Jimmy Kimmel will host the 89th Academy Awards on Sunday. The 49-year-old is the first traditional late-night talk-show host to emcee the evening since Jon Stewart held court in 2008. Why did the Academy opt for Kimmel? What can audiences expect from the funnyman? Let's break it down.
Kimmel's humour has a much more bro-y tone compared with other late-night hosts. He takes more glee than any of them in mocking celebrities, although he usually manages to soften those barbs with an all-in-good-fun chuckle. Expect that balance to tilt heavily toward laughing with, not at. "I think I have a pretty good sense this is not the Comedy Central Roast," Kimmel told USA Today. "That's not to say I won't be making fun of people and things. I will but I do recognize for a lot of people this is the biggest night of their professional lives and the last thing I want to do is ruin it for someone."
This is Kimmel's first time hosting the Oscars, but he's an experienced awards show emcee. He's hosted the American Music Awards five times, the ESPYS (he's a serious sports fan), and, more importantly, has hosted the Emmys twice, first in 2012 and again last year. These are the real testing grounds for would-be Academy Awards hosts. (No offence, ESPYs, but you're in the minor league of award shows). It was that last gig that no doubt secured his Oscars job. With the exception of a dig at Melania Trump (he called her "Malaria") that some people thought was offside, Kimmel won widespread praise for his performance.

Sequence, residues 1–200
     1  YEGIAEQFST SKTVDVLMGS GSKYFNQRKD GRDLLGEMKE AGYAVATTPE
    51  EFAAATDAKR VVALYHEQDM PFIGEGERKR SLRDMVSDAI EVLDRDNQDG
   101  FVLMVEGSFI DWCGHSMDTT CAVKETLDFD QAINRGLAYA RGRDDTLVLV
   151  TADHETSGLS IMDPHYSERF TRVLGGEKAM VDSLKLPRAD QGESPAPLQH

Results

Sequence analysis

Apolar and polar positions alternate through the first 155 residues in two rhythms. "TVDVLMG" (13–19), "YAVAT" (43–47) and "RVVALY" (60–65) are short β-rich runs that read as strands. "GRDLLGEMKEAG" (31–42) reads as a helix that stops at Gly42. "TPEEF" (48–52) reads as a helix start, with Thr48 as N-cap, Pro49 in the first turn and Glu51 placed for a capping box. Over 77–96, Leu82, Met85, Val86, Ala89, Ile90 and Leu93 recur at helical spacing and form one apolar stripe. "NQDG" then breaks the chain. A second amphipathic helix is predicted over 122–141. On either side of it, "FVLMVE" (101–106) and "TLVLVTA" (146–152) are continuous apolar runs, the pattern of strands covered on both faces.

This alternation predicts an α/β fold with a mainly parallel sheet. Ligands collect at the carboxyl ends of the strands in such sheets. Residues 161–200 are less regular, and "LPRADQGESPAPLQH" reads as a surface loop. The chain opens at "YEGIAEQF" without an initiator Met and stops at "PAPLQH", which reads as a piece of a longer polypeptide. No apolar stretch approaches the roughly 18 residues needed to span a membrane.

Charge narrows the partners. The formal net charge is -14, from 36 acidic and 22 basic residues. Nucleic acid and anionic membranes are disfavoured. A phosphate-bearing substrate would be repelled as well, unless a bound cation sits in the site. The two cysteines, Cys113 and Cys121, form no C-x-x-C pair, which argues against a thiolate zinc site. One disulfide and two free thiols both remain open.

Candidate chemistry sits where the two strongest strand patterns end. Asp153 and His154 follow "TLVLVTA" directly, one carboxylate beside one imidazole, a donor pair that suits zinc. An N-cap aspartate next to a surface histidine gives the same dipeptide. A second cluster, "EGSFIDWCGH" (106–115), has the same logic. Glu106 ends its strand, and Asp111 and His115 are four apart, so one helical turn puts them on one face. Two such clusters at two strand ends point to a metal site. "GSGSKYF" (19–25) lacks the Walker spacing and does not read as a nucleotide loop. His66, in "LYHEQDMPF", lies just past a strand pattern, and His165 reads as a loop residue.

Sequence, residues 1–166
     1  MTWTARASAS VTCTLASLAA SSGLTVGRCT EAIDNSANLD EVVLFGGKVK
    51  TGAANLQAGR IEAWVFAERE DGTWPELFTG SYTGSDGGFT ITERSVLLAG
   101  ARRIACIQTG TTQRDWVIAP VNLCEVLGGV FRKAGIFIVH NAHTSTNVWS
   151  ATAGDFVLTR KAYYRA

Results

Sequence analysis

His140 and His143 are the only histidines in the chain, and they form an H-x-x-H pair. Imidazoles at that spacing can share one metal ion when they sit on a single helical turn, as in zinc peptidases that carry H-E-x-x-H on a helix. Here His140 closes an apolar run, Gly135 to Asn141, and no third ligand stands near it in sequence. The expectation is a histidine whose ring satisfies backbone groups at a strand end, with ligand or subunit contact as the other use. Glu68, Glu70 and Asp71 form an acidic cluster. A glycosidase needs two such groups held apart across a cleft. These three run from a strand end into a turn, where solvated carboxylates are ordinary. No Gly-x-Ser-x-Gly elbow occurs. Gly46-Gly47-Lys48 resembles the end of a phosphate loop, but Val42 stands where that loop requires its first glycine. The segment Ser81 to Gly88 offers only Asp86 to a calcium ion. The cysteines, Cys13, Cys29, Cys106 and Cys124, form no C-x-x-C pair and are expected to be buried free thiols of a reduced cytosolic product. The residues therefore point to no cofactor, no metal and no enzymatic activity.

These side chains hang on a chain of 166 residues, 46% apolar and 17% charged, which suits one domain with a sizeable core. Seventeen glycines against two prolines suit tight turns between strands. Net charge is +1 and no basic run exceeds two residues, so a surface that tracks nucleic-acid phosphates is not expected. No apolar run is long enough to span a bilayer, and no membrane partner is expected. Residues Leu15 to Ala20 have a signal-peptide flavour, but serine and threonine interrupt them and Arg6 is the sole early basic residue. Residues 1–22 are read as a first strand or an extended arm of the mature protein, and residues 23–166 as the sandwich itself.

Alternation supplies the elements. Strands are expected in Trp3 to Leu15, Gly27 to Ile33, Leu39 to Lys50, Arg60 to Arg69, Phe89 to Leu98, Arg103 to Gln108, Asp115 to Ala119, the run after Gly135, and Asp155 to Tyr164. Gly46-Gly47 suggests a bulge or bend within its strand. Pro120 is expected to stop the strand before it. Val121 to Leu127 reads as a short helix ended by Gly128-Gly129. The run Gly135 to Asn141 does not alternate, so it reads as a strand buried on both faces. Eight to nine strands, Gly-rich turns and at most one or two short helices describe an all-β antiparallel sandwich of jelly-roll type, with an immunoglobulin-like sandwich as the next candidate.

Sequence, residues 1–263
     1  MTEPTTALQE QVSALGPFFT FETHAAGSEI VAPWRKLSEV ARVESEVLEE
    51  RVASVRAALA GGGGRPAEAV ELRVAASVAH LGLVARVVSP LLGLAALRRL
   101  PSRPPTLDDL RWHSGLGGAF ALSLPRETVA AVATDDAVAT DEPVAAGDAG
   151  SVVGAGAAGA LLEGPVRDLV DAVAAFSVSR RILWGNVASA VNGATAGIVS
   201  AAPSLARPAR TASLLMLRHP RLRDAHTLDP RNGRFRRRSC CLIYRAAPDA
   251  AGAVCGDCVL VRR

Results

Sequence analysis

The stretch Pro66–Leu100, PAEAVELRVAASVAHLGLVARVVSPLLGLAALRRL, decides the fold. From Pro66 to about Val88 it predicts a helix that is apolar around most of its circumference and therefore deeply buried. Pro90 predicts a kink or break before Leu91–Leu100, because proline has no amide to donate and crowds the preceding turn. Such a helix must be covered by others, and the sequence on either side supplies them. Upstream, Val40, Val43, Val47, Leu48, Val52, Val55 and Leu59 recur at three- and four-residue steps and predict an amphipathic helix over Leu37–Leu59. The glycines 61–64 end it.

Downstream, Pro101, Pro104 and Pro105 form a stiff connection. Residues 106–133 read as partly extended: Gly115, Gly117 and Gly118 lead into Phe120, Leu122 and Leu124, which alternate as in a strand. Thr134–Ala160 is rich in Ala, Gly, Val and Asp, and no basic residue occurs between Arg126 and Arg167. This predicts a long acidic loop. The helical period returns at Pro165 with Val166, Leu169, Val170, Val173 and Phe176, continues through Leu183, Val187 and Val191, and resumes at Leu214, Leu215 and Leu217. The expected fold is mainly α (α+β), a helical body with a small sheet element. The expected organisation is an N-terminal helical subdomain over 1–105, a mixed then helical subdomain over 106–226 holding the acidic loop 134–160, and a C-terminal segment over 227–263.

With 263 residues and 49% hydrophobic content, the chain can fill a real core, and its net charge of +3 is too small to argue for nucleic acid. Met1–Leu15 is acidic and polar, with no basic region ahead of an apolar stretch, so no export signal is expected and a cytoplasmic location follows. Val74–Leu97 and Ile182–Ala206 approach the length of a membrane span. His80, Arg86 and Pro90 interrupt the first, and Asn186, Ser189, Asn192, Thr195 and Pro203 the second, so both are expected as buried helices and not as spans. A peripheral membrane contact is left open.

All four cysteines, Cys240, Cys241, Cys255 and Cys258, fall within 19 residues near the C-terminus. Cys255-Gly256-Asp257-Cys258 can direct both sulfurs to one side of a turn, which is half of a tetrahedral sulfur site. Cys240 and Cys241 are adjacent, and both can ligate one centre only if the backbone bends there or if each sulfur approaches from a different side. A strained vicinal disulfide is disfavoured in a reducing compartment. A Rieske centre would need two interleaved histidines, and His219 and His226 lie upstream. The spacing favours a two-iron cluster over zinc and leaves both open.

Oscar hosts need to rely on the goodwill of the crowd to carry the evening. Remember Ellen DeGeneres's selfie packed with A-listers that broke the Internet? That was only possible because, to everyone in Hollywood, Ellen is totes adorbs. The year that Seth MacFarlane hosted the audience's disregard for him was palpable right after his jab at Steven Spielberg's Lincoln: "The actor who really got inside Lincoln's head was John Wilkes Booth." The crowd booed. Thankfully for Kimmel, he's well-liked and seemingly on good terms with every actor thanks to his late-night show. And if he needs help, he can always call on his long-standing bromance with Matt Damon.
Last year, the Academy was deservedly taken to task for failing to nominate a person of colour in any of the acting categories, prompting the viral hashtag #OscarSoWhite. Host Chris Rock derided the Academy but also poked fun at the campaign. This year, the Academy has shown just enough diversity to hold its head up high. Look for Kimmel to have a field day with the topic. "Here in Hollywood the only thing we value more than diversity is congratulating ourselves on how much we value diversity," he joked at the Emmys. Expect more similar digs at the Oscars.
Is there any forum where it is possible to avoid discussing Donald Trump? Even if Kimmel wanted to avoid the topic – which he doesn't – there is no way he could. Every awards show this season has had to explicitly confront U.S. politics. Even the Grammys got political this year. Look for Trump to be a recurring topic. #OscarSoWoke? Hardly. But it will definitely be a more political evening than any recent Academy Awards.